The three young people were there to greet them. Kal ruffled Bardan’s hair then shook Devik and Runa’s hands mando-style. They went inside to sit at the dining table where food and hot tea were ready.
“I want to apologize for not showing any sooner, business kept me a little longer on Nar Shaddaa. Anyway, you must be excited about being here already so I’ll cut to the chase: we need you to extract certain things from a very protected place without dragging attention.”
“Yes, we were told that.” Devik nodded in direction of Bardan.
“Good, then I can show you where it is…”
“That’s done too.”
“Okay then. Looks like my work is done!” He feigned leaving but sat back, smiling and exuding good mood. “It’ll be simple, really. Knock at the door and ask to enlist in the Imperial forces, get in, place a couple bugs and get out.”
Runa lifted her nose up from her cup of tea. “People can actually enlist in the Imperial army?”
“Last I heard they were recruiting non-clones, yes. And preferably humans. They’re hoping to get mando’ade into their ranks. Which is already done, basically.”
He looked over at Biran with a dark stare.
“The intel we need is the locations of their training bases and where they transferred some of our boys. The rescue missions will come later.”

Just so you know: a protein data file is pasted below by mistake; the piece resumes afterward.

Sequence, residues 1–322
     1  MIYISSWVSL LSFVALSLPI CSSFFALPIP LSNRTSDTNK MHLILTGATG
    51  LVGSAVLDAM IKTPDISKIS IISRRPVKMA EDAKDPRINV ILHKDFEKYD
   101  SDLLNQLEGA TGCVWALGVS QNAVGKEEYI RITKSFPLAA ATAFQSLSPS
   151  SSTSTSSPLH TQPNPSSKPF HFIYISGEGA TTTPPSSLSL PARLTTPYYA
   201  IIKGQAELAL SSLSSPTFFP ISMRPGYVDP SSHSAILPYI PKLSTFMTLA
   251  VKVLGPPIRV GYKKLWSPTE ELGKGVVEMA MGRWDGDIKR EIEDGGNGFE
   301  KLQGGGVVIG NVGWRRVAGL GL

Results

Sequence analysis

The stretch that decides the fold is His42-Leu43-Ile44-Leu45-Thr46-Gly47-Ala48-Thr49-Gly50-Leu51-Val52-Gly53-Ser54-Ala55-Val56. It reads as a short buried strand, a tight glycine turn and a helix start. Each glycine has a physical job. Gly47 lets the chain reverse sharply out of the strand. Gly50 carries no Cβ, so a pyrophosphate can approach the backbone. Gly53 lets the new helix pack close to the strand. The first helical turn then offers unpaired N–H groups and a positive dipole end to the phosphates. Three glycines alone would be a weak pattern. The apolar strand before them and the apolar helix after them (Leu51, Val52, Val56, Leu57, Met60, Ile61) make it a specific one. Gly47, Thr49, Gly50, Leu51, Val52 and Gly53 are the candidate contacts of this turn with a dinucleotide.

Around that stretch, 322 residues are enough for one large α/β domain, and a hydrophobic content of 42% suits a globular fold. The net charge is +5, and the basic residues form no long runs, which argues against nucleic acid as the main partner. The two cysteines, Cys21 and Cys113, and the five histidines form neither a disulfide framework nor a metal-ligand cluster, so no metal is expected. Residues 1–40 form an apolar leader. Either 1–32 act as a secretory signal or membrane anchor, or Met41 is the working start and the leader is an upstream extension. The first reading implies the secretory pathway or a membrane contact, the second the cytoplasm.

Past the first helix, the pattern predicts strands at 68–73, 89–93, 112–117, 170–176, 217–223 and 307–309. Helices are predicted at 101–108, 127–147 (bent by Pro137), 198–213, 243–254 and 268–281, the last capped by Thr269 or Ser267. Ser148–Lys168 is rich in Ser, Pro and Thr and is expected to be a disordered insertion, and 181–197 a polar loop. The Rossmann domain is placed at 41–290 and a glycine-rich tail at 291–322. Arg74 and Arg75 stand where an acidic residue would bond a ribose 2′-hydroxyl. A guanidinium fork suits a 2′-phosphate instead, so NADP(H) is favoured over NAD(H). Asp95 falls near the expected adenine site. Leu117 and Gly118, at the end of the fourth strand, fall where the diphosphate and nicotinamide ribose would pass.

“Sounds risky,” said Runa.
“It’s actually suicidal,” Biran added. “But risky by Mandalorian standards.”
“Don’t worry, ad’ika. We’re old but we’ve seen our share of action. And so did Bardan, which I think you already got to know.”
He expected Runa to flush or look shy but instead she froze up and just nodded. Something was wrong.
“Actually I haven’t,” he finally said. “Let’s hear your story, Bard’ika.”
The young man, arms folded on the table, turned his dark blue eyes to Runa in a silent question and she looked back with a shrug. There was something going on, alright. He blinked slowly before caving in.
“Last name is Jusik. Look it up when you feel curious again.”
Now even Kal seemed upset. Biran decided it wasn’t the greatest time to put the man’s family tensions on the table. He had more important things to do with his own.
“Fine by me if you prefer it that way…” He stood up and gestured for his children to follow him.
Back in the dormitory he gave them a bag each with the Mandalorian suits. They were heavy: Mandalorian metal, or beskar, was very dense. So solid that it was laser proof.
“From now on you will not leave the house without these on.”
“Fierfek,” hissed Devik, but he was radiating joy.
He unpacked a gauntlet with a dart thrower mounted on it, painted black and yellow. Runa found her helmet, and tried it on immediately. Her head looked huge without the rest of the armor.
“I can’t see.”
“Heads-Up Display is offline. Blink twice.”
“Ah! Oh my…”
Biran could stand there for hours watching them play with their new toys - no, their uniform, weapons, their new identity - but he helped them get the armor plates attached and fit correctly.